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Abstracts from the Association of British Neurologists Annual Meeting 2011
066 The paradoxical response: the development of intracranial tuberculomas during treatment for tuberculous meningitis
  1. G Kennedy,
  2. S Meissner,
  3. P Lyons
  1. Neurology Department, Frenchay Hospital, Bristol, UK
  2. Neurology Department, Royal United Hospital, Bath, UK

Abstract

Case Report A 22-year-old Philipino man was admitted with a left 6th nerve palsy, confusion and acute urinary retention. This followed a 1 month history of headache, dizziness and double vision. Head imaging (CT and MRI with contrast) was normal (representative Abstract 066 figure 1A,B). He was diagnosed with Tuberculous meningitis on the basis of cerebrospinal fluid analysis (1220 white cells −95% lymphocytes, raised protein 4.4 g/l, and a low glucose 1.7 mmol/l V serum 6.4 mmol/l). Acid-fast bacilli and Tb PCR tests on the csf were negative but fully sensitive tuberculous bacilli were found on culture after 30 days. He was treated with quadruple anti-tuberculous and prednisolone treatment with good clinical response. The steroids were discontinued and the anti-tuberculous treatment was continued. 2 months later the patient represented with left facial numbness, reduced hearing in his left ear and unsteadiness. Repeat MRI brain imaging revealed several new ring-enhancing lesions (Abstract 066 figures 2A, 3A). Repeated lumbar puncture showed a falling lymphocyte count and no evidence of other opportunistic infection. As the tuberculous meningitis was known to be fully sensitive to treatment, the anti-tuberculous medication was continued with the reintroduction of steroids. The patient and MRI imaging at a 3 month interval (Abstract 066 figures 2B, 3B) showed an improving response.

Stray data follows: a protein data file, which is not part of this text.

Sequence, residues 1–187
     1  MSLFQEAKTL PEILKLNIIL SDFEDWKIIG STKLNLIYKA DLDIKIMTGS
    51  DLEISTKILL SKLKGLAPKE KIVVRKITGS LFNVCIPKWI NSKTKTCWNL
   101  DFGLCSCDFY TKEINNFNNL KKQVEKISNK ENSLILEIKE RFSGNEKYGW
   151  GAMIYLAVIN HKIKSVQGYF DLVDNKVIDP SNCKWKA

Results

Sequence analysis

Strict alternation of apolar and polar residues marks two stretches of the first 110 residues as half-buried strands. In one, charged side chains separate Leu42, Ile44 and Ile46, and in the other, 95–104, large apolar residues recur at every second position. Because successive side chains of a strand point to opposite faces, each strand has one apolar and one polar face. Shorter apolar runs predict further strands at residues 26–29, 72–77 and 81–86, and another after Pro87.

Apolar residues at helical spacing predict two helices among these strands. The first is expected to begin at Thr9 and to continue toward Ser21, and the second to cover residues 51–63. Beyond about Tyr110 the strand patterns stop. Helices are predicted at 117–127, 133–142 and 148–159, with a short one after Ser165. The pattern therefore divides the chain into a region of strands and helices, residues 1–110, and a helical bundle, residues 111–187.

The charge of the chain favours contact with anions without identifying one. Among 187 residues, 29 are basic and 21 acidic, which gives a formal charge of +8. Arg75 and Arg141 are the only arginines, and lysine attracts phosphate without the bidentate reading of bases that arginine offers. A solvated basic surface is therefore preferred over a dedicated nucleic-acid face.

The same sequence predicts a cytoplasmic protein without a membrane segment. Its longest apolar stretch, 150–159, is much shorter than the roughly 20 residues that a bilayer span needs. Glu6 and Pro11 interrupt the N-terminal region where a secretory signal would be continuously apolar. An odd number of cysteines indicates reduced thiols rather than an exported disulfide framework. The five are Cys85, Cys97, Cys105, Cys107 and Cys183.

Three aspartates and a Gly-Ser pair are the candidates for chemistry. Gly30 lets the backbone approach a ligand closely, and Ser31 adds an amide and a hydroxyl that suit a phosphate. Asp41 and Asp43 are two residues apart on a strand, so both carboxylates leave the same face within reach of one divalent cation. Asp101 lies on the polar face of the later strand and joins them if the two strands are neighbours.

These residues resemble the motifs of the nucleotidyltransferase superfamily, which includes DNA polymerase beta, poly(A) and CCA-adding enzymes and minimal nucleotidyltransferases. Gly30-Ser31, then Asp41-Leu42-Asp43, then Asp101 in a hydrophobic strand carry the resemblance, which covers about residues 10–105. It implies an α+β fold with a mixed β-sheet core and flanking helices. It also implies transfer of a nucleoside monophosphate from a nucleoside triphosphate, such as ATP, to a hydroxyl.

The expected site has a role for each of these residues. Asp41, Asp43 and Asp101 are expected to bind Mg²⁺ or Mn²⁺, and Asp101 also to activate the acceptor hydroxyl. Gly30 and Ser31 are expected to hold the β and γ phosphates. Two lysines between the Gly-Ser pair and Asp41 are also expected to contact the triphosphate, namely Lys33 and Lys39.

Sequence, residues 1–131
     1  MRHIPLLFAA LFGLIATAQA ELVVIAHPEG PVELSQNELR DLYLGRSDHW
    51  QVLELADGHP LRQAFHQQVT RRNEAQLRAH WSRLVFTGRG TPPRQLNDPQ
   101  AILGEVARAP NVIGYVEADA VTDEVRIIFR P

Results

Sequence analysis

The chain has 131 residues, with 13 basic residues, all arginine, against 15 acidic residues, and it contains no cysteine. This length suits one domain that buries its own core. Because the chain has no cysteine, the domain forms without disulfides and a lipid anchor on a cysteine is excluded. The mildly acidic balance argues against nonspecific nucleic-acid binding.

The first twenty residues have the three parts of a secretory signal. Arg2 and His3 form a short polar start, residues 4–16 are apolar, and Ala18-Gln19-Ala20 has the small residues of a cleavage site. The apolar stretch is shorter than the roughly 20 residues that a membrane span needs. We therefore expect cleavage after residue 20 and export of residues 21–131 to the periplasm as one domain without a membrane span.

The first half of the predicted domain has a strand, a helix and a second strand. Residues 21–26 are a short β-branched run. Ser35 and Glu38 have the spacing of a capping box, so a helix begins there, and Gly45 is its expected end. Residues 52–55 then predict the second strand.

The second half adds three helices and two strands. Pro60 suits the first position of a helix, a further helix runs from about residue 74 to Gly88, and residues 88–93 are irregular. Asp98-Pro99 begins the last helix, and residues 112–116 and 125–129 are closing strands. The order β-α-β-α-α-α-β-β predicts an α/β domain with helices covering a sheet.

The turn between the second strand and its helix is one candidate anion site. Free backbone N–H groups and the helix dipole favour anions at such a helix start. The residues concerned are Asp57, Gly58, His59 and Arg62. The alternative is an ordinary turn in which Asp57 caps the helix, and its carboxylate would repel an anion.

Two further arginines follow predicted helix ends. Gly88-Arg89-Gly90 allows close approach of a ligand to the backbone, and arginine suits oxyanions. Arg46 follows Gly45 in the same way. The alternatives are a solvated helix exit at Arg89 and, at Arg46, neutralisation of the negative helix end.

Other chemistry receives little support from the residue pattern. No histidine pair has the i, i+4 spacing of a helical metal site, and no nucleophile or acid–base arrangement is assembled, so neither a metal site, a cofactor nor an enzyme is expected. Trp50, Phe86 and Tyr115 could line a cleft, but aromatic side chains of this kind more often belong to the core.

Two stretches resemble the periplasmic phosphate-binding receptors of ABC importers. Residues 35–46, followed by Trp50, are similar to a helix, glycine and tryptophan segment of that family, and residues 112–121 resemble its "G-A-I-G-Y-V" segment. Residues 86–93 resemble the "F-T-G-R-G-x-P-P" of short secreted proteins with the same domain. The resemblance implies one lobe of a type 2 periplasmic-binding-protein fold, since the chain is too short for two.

Abstract 066 Figure 1

A, B: Normal MRI brain.

Abstract 066 Figure 2

A (left), B (right): MRI brain (axial) with contrast 2/12 after starting anti-treatment and completing a course of steroids (Abstract 066 figures 2A), and at a further 3 month interval with improved appearances after steroids were reinstated (Abstract 066 figures 3B).

Abstract 066 Figure 3

A (left), B (right): As above, coronal views.

Discussion The clinical relapse was attributed to a paradoxical tuberculosis-associated immune reconstitution inflammatory syndrome. A literature review1–3 suggests anti-tuberculous treatment should be continued with the addition of an immunosuppressive agent after possible infective relapses, secondary infections and drug-resistances have been excluded.

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Footnotes

  • Email: ginakennedy{at}doctors.org.uk

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